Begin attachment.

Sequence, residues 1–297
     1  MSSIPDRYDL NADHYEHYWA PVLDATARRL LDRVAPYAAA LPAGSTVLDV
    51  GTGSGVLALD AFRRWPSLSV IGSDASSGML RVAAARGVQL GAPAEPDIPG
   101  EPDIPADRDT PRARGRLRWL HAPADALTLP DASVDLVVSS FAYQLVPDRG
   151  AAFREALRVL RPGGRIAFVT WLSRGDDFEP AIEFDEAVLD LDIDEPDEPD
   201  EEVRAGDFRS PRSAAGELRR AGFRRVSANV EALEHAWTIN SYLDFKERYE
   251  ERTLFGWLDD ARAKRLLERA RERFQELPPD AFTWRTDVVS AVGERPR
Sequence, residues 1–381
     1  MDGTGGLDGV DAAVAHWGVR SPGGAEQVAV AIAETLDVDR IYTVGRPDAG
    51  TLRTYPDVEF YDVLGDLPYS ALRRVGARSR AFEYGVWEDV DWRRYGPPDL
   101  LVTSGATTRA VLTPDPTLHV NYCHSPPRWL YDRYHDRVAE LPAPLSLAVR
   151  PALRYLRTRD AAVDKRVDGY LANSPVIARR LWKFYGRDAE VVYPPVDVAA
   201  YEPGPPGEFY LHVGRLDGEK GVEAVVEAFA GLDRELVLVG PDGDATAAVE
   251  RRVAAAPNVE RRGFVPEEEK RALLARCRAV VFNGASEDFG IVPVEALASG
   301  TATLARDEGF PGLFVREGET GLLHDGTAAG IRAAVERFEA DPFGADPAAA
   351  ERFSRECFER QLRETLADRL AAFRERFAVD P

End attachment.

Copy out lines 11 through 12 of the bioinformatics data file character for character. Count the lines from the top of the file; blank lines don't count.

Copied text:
   101  LVTSGATTRA VLTPDPTLHV NYCHSPPRWL YDRYHDRVAE LPAPLSLAVR
   151  PALRYLRTRD AAVDKRVDGY LANSPVIARR LWKFYGRDAE VVYPPVDVAA